Whatever two Spider-Men can't.
When we last left our friendly neighborhood Spider-Man, he was busy saving the universe from some kind of dimensional rift caused by Mysterio, and four different Spider-Men from four different dimensions (Amazing, Ultimate, Noir, and 2099) all had to pitch in. That game was pretty enjoyable, though kind of disconnected and contrived. Still, inhabiting the boots of four different versions of the character was a fun romp. This year's Spider-Man game is not penned by Gryptonite—masters of the Spider-troidvania handheld platformer—but instead Other Ocean, whom you might remember from Dark Void Zero. Trepidation loomed as I turned on my DSi and booted up this latest Spider-Game.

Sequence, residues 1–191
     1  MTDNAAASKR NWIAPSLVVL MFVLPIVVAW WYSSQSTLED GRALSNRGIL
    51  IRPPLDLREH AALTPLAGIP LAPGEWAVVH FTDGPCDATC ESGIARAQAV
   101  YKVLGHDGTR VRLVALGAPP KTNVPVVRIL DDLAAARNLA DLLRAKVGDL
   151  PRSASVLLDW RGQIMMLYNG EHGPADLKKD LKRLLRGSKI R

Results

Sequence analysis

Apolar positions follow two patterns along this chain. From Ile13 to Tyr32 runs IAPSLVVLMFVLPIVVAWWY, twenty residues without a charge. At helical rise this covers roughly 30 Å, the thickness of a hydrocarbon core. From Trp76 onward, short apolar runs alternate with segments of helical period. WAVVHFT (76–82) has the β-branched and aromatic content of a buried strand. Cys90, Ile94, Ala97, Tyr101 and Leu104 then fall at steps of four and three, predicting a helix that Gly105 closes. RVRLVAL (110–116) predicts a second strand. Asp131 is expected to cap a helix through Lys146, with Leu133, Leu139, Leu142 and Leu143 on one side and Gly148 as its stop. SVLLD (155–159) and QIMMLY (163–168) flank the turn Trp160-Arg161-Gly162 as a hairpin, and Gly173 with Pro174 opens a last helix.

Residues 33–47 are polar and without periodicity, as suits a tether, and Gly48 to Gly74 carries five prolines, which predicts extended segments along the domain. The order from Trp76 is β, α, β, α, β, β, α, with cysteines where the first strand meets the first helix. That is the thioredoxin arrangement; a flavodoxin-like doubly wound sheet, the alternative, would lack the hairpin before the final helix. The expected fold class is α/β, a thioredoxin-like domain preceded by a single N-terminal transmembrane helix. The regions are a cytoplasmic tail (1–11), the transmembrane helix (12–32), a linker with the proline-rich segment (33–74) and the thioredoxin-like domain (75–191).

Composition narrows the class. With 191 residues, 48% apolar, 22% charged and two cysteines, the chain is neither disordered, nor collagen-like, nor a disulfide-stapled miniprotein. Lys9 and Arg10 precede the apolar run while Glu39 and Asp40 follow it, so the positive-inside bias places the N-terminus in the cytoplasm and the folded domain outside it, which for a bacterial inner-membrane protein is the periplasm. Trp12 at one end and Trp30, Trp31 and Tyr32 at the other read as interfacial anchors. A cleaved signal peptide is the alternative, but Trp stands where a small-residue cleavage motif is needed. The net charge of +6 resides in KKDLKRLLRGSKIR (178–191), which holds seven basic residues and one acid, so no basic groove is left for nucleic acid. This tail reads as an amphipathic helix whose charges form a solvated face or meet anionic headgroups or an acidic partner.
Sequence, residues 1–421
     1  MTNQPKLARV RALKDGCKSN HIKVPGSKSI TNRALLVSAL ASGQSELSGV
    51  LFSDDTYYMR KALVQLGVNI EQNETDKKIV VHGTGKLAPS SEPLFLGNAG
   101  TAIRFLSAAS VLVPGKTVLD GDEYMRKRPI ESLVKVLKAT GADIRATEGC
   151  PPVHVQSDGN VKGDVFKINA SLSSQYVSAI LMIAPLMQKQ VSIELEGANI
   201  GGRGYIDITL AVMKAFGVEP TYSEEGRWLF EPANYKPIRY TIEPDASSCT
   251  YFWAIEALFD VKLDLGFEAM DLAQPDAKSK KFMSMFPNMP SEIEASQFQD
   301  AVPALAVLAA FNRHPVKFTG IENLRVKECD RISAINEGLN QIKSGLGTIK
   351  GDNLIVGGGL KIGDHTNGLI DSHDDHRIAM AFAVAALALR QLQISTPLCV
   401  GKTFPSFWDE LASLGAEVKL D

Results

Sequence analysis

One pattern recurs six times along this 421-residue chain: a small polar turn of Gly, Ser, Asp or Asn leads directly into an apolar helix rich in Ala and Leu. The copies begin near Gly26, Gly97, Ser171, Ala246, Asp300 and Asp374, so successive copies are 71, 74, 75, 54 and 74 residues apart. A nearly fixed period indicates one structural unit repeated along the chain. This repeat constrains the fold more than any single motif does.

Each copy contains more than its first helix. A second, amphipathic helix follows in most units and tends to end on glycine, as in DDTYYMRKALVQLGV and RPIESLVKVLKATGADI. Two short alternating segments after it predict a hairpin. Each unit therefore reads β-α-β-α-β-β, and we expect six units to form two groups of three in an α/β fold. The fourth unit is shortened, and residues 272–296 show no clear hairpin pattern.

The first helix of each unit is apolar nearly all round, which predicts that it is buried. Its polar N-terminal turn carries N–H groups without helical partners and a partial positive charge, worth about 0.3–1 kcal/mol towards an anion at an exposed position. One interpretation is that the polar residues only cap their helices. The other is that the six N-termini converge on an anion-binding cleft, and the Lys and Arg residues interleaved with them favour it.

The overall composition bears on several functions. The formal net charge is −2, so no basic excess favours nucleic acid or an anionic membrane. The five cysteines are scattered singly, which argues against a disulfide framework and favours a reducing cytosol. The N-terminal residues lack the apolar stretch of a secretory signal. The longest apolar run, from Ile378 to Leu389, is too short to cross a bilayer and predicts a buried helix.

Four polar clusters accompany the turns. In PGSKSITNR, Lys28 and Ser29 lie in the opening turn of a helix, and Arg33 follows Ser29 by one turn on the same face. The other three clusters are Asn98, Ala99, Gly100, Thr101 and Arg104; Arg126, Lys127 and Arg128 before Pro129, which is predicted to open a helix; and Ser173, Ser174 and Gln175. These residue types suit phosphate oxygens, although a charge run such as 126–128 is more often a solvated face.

Well, the game isn't terrible, but it's certainly not fun. In this game we're down to two web-swingers, Amazing Spider-Man and Spider-Man 2099. In the latter's time period, some mad scientist creates a time portal and jumps back into Peter Parker's time to start his company in the past. This company, Alchemix, pervades every aspect of Parker's world to the point where the Daily Bugle—where he works—is owned by Alchemix. After thirty years, the mad scientist makes a second portal that (in theory) links back to 2099. It's not clear why he's doing this, but obviously, Miguel O'Hara (Spider-Man 2099) has to stop this madness, so he creates some kind of time-based radio signal with which to call Peter Parker to his aid. The characters chat it up throughout the game, which is stupid, but whatever—it's a comic book.